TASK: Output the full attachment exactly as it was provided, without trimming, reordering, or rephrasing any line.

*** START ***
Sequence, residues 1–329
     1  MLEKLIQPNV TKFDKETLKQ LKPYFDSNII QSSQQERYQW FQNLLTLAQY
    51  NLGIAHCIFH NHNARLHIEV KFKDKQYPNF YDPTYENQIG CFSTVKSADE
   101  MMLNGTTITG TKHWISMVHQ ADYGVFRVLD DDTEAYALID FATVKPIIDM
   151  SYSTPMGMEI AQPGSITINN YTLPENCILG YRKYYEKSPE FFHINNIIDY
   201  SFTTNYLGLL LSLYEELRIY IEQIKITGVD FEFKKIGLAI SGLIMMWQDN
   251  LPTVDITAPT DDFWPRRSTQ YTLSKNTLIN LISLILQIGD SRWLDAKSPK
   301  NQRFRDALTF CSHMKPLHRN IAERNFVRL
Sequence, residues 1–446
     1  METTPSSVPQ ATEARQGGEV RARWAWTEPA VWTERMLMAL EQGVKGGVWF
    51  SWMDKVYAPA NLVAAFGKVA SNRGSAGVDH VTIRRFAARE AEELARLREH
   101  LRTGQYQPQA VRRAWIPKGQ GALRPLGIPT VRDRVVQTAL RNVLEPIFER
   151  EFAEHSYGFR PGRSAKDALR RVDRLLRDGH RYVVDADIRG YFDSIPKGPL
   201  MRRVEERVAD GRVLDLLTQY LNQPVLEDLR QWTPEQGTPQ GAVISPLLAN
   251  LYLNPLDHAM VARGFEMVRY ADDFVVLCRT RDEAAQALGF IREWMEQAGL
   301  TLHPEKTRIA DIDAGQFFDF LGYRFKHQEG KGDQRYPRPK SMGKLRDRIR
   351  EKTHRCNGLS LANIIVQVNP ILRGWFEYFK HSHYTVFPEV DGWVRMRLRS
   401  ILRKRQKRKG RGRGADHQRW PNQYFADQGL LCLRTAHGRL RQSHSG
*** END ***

Sequence, residues 1–329
     1  MLEKLIQPNV TKFDKETLKQ LKPYFDSNII QSSQQERYQW FQNLLTLAQY
    51  NLGIAHCIFH NHNARLHIEV KFKDKQYPNF YDPTYENQIG CFSTVKSADE
   101  MMLNGTTITG TKHWISMVHQ ADYGVFRVLD DDTEAYALID FATVKPIIDM
   151  SYSTPMGMEI AQPGSITINN YTLPENCILG YRKYYEKSPE FFHINNIIDY
   201  SFTTNYLGLL LSLYEELRIY IEQIKITGVD FEFKKIGLAI SGLIMMWQDN
   251  LPTVDITAPT DDFWPRRSTQ YTLSKNTLIN LISLILQIGD SRWLDAKSPK
   301  NQRFRDALTF CSHMKPLHRN IAERNFVRL
Sequence, residues 1–446
     1  METTPSSVPQ ATEARQGGEV RARWAWTEPA VWTERMLMAL EQGVKGGVWF
    51  SWMDKVYAPA NLVAAFGKVA SNRGSAGVDH VTIRRFAARE AEELARLREH
   101  LRTGQYQPQA VRRAWIPKGQ GALRPLGIPT VRDRVVQTAL RNVLEPIFER
   151  EFAEHSYGFR PGRSAKDALR RVDRLLRDGH RYVVDADIRG YFDSIPKGPL
   201  MRRVEERVAD GRVLDLLTQY LNQPVLEDLR QWTPEQGTPQ GAVISPLLAN
   251  LYLNPLDHAM VARGFEMVRY ADDFVVLCRT RDEAAQALGF IREWMEQAGL
   301  TLHPEKTRIA DIDAGQFFDF LGYRFKHQEG KGDQRYPRPK SMGKLRDRIR
   351  EKTHRCNGLS LANIIVQVNP ILRGWFEYFK HSHYTVFPEV DGWVRMRLRS
   401  ILRKRQKRKG RGRGADHQRW PNQYFADQGL LCLRTAHGRL RQSHSG